Using a medical imaging technique called functional Magnetic Resonance Imaging (fMRI), researchers at the University of Iowa, led by neuroscientist William Hedgcock, have found that self-control is a resource of the human brain that can be depleted.
The way this works is that a certain situation or scenario may deplete our self-control to such an extent that we may not be able to control ourselves once we are faced with the same situation all over again.
What separates Hedgcock's research from others on the same topic is that it uses fMRI to show the exact changes that go on in the human brain when self-control is depleted. The image above shows what the brain of a person with no more self-control left looks like.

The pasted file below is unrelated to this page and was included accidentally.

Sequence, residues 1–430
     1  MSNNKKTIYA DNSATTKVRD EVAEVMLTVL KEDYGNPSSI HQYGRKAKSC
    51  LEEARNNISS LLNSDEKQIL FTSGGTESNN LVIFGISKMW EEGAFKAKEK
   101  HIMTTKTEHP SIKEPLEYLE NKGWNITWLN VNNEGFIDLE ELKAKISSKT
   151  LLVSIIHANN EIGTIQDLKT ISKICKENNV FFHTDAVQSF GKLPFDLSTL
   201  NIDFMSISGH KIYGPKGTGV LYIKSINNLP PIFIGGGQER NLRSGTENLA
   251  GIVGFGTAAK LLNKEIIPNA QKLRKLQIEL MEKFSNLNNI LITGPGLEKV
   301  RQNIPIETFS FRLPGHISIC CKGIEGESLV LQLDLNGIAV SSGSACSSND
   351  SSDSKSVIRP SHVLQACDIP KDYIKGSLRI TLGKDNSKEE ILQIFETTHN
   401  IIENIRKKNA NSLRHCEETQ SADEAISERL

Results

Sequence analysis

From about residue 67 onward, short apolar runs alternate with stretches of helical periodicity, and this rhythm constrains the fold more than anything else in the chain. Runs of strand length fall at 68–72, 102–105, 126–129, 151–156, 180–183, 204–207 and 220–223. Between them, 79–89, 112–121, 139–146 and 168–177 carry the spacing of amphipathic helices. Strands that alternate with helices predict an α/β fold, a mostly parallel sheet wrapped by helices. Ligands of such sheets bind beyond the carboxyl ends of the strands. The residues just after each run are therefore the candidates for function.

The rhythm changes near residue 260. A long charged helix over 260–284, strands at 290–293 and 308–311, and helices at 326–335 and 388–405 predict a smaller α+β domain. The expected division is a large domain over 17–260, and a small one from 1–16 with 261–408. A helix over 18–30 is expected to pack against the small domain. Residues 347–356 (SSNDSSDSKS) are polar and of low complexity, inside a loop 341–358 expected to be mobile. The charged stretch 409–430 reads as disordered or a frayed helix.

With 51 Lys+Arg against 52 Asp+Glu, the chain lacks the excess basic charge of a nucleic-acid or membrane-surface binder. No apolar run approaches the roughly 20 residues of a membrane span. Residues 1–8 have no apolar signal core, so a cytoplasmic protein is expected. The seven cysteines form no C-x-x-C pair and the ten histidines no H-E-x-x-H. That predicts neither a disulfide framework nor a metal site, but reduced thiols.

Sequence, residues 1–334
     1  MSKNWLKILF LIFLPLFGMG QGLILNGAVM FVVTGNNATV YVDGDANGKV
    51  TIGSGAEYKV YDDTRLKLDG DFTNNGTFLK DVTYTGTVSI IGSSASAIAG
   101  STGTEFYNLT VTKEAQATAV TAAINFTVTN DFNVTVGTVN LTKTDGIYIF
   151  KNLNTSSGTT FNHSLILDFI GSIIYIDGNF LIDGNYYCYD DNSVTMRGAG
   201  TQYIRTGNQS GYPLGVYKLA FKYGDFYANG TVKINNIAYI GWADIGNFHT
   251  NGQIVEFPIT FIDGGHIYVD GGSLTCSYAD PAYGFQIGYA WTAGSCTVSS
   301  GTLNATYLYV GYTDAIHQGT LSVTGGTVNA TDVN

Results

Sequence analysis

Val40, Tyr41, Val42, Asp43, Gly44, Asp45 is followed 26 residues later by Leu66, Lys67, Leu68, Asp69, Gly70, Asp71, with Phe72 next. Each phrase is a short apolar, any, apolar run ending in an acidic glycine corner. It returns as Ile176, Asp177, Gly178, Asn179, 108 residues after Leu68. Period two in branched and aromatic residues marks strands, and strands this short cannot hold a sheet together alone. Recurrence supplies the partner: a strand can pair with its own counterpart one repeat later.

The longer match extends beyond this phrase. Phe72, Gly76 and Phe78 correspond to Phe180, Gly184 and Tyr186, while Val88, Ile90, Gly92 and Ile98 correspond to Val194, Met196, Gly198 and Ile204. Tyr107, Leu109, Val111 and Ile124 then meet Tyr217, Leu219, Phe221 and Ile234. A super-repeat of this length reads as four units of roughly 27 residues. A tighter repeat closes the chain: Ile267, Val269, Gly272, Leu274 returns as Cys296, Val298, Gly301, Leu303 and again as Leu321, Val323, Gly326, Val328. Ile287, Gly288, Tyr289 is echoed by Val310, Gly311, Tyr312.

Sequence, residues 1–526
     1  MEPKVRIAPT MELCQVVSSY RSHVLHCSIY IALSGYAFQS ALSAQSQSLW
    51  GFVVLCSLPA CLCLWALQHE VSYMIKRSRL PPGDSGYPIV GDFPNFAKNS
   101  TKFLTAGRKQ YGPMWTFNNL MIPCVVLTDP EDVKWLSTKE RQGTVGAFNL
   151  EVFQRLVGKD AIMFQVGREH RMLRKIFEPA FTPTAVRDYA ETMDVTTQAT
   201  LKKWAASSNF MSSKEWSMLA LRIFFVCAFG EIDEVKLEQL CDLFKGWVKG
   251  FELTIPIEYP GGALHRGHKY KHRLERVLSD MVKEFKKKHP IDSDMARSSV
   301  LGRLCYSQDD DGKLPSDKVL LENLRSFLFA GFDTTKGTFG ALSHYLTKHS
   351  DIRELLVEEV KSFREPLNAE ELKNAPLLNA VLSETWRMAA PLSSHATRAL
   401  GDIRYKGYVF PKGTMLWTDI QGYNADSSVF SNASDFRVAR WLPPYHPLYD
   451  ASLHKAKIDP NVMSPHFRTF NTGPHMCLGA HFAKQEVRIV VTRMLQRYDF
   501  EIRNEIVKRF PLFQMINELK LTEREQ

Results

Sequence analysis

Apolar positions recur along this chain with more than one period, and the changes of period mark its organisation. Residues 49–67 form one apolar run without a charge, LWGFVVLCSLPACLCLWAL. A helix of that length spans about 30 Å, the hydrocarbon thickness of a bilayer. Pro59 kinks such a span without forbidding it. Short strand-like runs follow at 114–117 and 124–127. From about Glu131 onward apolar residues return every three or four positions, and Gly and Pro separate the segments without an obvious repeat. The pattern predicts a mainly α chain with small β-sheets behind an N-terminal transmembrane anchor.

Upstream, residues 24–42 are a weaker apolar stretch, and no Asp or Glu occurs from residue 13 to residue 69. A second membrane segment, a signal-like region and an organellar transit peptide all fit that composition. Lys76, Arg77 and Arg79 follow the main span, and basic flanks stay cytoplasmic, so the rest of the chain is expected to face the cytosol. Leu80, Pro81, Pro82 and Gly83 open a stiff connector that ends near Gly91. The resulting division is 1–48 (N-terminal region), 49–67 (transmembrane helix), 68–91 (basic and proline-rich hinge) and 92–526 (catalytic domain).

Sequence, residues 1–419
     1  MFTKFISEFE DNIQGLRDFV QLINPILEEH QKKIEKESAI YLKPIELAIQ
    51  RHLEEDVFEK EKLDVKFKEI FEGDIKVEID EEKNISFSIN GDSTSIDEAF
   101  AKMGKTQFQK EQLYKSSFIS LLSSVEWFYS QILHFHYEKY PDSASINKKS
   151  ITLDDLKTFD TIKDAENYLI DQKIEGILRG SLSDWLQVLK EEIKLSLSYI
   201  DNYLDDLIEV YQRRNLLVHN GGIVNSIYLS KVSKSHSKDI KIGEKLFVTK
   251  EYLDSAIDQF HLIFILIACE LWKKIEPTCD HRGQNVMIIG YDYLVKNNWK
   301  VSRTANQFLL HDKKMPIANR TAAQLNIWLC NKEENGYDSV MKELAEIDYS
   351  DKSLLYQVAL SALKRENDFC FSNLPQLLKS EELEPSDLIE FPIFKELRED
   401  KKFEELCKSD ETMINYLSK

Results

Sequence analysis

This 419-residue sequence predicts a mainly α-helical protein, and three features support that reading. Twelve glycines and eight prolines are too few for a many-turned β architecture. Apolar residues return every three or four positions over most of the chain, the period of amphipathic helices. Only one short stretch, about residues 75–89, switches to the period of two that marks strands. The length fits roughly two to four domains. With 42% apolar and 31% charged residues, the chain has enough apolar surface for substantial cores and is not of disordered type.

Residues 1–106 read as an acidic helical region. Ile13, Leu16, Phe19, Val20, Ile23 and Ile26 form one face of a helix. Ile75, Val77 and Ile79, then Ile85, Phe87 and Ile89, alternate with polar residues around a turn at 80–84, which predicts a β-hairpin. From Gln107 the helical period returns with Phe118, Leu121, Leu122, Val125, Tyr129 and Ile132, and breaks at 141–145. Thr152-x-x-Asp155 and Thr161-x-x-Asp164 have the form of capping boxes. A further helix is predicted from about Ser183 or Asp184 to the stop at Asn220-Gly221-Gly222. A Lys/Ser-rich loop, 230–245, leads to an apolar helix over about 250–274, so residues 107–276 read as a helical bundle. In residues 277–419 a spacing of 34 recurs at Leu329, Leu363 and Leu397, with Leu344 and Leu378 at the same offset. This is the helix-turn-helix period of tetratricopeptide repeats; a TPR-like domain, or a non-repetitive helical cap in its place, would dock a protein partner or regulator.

The anterior cingulate cortex (ACC), a region of the brain that is responsible for helping us select between multiple choices based on their desirability, was found to fire with equal intensity when a self-control-depleting task was performed multiple times.